“If writing can be thought of as a sort of telepathy–a rousing and rendering of spirits–then Elwork is as talented a clairvoyant as any your likely to encounter.” I quote Scott Smith, on Paul Elwork’s The Girl Who Would Speak for the Dead.
Where stories come from is something writers occasionally like to explore.
Different stories have different answers. If a story comes from seemingly out of nowhere, sometimes I’ll pretend for a moment that it’s being told to me, sent to me somehow.
Do I believe this? No, not all, and even as I think it fleetingly I don’t take it seriously.
In Shade, by author Neil Jordan, his main character Nina becomes a famous actress on film and stage. In one of her first trials at acting on stage, when the curtains lift and she’s surrounded by applause she experiences a departure that I liken to an author writing:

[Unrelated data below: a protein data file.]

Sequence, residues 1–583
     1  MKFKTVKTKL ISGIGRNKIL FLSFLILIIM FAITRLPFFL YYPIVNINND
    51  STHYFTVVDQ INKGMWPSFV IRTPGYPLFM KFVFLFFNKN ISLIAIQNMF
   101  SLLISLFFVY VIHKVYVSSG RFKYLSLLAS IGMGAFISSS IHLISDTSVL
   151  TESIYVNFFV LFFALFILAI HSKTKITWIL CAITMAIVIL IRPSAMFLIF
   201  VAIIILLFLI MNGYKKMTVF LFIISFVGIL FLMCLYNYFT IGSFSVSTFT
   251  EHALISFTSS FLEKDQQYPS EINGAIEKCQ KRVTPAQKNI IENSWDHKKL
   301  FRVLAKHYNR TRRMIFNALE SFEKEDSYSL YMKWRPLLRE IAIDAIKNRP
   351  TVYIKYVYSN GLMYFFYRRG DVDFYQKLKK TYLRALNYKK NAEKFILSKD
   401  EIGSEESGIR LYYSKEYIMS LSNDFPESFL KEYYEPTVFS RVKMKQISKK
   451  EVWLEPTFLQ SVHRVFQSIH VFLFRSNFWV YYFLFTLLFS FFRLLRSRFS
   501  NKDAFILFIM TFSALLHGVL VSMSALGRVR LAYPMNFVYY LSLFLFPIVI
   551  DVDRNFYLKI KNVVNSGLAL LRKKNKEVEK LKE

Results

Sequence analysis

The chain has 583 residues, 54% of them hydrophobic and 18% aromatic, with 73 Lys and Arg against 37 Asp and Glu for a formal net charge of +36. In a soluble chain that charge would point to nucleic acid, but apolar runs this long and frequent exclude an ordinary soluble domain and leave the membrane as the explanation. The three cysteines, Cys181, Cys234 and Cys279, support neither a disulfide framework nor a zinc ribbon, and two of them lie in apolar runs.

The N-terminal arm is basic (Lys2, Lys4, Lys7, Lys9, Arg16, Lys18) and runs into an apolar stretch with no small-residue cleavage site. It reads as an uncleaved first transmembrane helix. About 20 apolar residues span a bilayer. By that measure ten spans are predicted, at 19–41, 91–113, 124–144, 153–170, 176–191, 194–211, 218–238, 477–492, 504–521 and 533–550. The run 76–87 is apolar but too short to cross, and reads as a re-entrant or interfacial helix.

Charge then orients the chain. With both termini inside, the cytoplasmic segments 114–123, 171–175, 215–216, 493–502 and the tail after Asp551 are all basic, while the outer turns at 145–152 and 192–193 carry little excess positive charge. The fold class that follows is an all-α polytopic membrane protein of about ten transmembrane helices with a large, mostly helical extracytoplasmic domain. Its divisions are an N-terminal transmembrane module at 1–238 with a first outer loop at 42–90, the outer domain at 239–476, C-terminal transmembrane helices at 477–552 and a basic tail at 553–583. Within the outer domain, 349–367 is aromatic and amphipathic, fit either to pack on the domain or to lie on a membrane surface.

And the character was gone, quite suddenly, lifted from me by invisible hands with no sense of release; it was hovering somewhere in the wings, maybe, like a ghost itself, awaiting another manifestation, another embodiment, another performance.
When we write, I think most of us, do indeed become our character, go someplace else, experience something else. It is easier to become some characters than others. At times it happens spontaneously, at others we must work at it, trying to find the character, searching. And sometimes that character lingers, not letting go, hanging on…